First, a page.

Of the possible changes, limiting how much saturated and trans fats you eat is the most important step.
Check the food labels of some cookies, crackers and chips. Many of these snacks — even those labeled "reduced fat" — may be made with oils containing trans fats. One clue that a food has some trans fat in it is the phrase "partially hydrogenated" in the ingredients list.
When you do use fats, choose monounsaturated fats, such as olive oil or canola oil. Polyunsaturated fats, found in nuts and seeds, are also good choices for a heart-healthy diet. But moderation is essential. All types of fat are high in calories.
2. Choose low-fat protein sources
Be careful to choose low fat options, such as skimmed or low fat milk in place of full cream milk and meat should have all visible fat trimmed off..
Fish is another good alternative to high-fat meats. Certain types of fish are heart-healthy because they are rich in omega-3 fatty acids, which can lower blood fats. The highest amounts of omega-3 fatty acids are in cold-water fish, such as salmon, mackerel and herring. Other sources are flaxseed, walnuts, soybeans and canola oil.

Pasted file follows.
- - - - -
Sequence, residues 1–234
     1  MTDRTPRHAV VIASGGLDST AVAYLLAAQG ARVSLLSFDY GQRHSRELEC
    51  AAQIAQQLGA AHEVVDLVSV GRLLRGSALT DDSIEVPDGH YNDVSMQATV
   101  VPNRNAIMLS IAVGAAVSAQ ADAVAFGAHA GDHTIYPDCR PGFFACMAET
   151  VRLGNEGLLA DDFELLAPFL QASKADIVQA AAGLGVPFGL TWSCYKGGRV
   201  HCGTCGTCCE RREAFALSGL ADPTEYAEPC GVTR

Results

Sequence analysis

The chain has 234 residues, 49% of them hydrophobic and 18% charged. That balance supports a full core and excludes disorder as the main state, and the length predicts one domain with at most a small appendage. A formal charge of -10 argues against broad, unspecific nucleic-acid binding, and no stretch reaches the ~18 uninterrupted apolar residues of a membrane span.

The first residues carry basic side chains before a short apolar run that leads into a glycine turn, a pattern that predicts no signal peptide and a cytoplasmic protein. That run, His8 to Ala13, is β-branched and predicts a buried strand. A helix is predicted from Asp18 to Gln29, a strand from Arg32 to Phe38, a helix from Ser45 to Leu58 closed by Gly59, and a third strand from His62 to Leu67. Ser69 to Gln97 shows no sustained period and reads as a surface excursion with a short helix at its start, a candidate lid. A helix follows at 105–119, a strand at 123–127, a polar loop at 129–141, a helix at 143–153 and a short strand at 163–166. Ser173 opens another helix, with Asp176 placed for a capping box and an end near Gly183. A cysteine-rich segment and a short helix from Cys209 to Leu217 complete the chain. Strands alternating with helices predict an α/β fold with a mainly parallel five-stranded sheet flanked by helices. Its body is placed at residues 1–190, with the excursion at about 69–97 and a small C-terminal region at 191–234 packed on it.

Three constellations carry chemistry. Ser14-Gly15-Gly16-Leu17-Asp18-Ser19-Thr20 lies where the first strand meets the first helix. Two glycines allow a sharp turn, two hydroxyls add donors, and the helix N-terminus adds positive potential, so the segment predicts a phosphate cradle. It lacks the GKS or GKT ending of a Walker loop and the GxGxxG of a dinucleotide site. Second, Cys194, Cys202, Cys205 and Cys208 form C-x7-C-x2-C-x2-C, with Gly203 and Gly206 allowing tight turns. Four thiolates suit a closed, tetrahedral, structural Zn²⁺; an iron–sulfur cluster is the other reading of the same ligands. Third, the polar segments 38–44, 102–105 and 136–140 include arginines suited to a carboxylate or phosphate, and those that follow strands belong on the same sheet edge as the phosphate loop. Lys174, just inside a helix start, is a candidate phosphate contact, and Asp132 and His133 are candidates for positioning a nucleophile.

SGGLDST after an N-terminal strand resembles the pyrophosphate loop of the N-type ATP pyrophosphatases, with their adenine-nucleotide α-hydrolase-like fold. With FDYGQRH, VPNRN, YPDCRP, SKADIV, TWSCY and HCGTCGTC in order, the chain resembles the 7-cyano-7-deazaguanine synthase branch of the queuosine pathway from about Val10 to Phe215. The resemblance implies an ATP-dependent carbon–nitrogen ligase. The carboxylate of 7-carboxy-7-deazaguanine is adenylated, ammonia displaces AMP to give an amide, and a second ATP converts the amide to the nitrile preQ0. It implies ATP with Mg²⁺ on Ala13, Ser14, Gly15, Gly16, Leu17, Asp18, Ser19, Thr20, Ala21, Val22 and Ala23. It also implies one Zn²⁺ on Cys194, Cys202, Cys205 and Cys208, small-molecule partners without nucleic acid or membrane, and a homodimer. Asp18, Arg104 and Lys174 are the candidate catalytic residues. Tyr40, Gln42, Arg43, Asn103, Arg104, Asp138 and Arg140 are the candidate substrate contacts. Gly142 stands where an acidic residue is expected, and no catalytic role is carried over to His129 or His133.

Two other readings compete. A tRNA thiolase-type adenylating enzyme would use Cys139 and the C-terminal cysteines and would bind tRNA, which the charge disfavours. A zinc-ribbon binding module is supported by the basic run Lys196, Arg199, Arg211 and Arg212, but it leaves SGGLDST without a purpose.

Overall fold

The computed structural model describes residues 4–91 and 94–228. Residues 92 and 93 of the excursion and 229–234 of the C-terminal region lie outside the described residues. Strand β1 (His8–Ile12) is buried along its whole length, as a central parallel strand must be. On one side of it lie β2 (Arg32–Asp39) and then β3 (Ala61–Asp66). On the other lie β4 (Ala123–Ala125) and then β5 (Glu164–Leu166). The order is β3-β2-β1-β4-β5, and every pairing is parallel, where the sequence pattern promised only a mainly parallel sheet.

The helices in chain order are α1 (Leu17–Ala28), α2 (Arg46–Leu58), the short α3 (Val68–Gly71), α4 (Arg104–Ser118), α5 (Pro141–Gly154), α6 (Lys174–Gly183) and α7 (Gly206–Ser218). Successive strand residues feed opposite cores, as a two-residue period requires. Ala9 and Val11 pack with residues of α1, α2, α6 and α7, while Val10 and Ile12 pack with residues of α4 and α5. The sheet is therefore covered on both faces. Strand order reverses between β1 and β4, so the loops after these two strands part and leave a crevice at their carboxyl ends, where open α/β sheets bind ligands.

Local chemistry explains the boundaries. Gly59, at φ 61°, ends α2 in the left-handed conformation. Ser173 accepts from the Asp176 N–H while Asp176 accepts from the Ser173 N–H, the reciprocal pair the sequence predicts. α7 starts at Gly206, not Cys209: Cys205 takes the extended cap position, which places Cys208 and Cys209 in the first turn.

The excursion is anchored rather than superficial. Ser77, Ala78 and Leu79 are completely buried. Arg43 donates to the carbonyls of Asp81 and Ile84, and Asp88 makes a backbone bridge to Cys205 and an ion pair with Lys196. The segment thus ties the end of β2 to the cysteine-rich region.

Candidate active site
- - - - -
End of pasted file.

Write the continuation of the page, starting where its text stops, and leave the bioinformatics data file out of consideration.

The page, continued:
Legumes — beans, peas and lentils —are also good sources of protein and contain less fat and no cholesterol, making them good substitutes for meat.
3. Eat more vegetables and fruits
Vegetables and fruits are good sources of vitamins and minerals; they are low in calories and rich in dietary fibre. Vegetables and fruits also contain substances found in plants that may help prevent cardiovascular disease.
4. Select whole grains
Whole grains are good sources of fibre and other nutrients that play a role in regulating blood pressure and heart health. Many products on the market are wholegrain such as popcorn and flaxseed. And some cereals are also wholegrain and are mentioned on the label of the product.
5. Reduce the salt in your food
Eating a lot of salt can contribute to high blood pressure, a risk factor for cardiovascular disease. Eating fresh foods and making your own soups and stews can reduce the amount of salt you eat.
6. Allow yourself an occasional treat
Allow yourself an indulgence every now and then. A candy bar or handful of potato chips won't derail your heart-healthy diet. If over-indulgence is the exception, rather than the rule, you'll balance things out over the long term. What's important is that you eat healthy foods most of the time.
7. Sugar can be enjoyed in moderation
Many healthy foods, such as all bran cereal, are not really that enjoyable without a little sugar. Sugar does help us to follow a healthy diet and, when eaten as part of a healthy diet, will not cause heart disease.